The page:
As a full-time journalist, I write in the newsroom whenever I’m on duty. As a part-time author, I write on weekends and, better yet, on vacation days. Both of the latter instances have the advantage of offering a run of days in which to keep a flow going.
I don’t find it useful to write in small snatches of time and my most productive hours are definitely in the afternoon and night—sometimes into the wee hours of the morning.
Is writing your full time job? If not, may I ask what you do by day?
I write full time as a journalist and part time as an author, which is a wonderful balance. I’m enchanted by long-form journalism and narrative writing.
Who are some of your favorite authors?
In the world of memoir, I find myself resonating with the voices and writing styles of Cheryl Strayed (Wild: From Lost to Found on the Pacific Crest Trail), Caroline Knapp (Drinking: A Love Story), and May Sarton, whose journals are sublime.
What are you reading now?
In the moment, I’m re-reading I Know Why the Caged Bird Sings, by the great Maya Angelou. I’m wistful, I suppose, about her recent passing.
Are you working on your next novel? Can you tell us a little about it?
In my case, it would be the next memoir. I have conceptualized and mulled it, having resolved to start next year. I can say that it centers around my late father’s dementia. I can say with certainty that dementia is a huge issue in the United States.
Your novel will be a movie. Who would you cast?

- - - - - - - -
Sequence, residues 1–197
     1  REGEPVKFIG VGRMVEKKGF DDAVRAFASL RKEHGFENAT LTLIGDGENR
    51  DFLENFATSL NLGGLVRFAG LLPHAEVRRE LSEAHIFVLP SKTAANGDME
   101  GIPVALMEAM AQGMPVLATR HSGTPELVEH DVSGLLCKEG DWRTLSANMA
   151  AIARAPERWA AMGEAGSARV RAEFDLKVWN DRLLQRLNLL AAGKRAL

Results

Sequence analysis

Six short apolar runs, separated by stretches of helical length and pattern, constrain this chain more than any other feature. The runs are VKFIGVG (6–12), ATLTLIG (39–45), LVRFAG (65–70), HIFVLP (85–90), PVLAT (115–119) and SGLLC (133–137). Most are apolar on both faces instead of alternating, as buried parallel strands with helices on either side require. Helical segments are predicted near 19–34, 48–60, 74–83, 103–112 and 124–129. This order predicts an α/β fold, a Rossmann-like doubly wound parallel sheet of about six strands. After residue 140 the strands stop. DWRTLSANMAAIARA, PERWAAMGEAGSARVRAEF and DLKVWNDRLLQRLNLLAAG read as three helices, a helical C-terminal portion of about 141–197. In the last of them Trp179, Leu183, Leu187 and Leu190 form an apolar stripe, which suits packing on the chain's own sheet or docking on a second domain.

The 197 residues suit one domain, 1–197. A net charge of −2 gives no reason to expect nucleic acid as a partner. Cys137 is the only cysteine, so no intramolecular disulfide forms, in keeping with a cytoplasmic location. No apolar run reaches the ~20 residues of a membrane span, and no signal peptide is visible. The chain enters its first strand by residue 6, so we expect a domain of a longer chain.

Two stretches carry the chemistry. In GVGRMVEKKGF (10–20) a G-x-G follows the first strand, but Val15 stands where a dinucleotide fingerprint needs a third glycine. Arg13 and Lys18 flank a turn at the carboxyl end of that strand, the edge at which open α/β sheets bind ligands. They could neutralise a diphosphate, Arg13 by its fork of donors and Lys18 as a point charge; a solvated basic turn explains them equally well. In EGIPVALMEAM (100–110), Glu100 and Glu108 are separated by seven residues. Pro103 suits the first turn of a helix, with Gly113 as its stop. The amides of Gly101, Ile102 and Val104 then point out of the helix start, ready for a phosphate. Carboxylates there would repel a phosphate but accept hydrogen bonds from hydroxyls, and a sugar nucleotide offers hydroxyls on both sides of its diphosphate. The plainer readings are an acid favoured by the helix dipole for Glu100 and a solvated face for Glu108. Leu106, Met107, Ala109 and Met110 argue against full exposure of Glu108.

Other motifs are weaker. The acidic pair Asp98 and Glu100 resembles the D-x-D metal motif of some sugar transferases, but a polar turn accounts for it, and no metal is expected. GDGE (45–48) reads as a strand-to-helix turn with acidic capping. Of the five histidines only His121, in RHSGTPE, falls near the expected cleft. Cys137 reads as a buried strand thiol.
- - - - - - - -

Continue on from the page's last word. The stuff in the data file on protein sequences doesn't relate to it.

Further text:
If the memoir Self and Soul were a movie, the dream lead would be Michelle Pfeiffer, hands down. Maybe we could get Kevin Bacon to lead the caving expedition, Ben Kingsley to play the swami, and Sela Ward to play the therapist. Perfection!
Manuscript/Notes: handwritten or keyboard?
I take notes many ways, depending on where I am when my mind illuminates with an idea—on my smart phone, PC, or a paper pad. From time to time, I’ll reach for my digital sound recorder, too.
Favorite leisure activity/hobby?
Spending time with my husband and friends, cooking, getting a massage, exploring the state of Maine.
There are so many and so much from which to choose, even for a gluten-free person like me—cavatelli and broccoli (with bacon and in a butter sauce), pineapple chicken, orange barbecue chicken over rice, filet mignon, saffron risotto with butternut squash, Cornish game hen, and a good old-fashioned meatloaf.
On my mother’s side of the family, there are a lot of great cooks. Indeed, my Great Uncle Primo was a chef at Asti’s, an Italian restaurant in New York City where the waiters were also professional singers who’d break into song for the patrons.
I consider the legacy of beautiful, healthful food to be one of my most joyful family legacies.
ABOUT Self and Soul: On Creating a Meaningful Life
Are you living a life of quiet desperation? Questioning what it means to succeed? Wondering if your efforts matter? In this uplifting memoir, Lorraine Ash uses her own life experiences to explore inner landscapes where the seeds of divine healing and insight reside. These are the landscapes on which we create our own meaning and find the resiliency to thrive in a changing and challenging world.
Self and Soul: On Creating a Meaningful Life is available as a digital audiobook. Find it at Audible.com and Amazon.com as well as in the iTunes store.
Number of Pages: 176 pages
Publisher: Cape House Books
Publication Date: October 1st 2012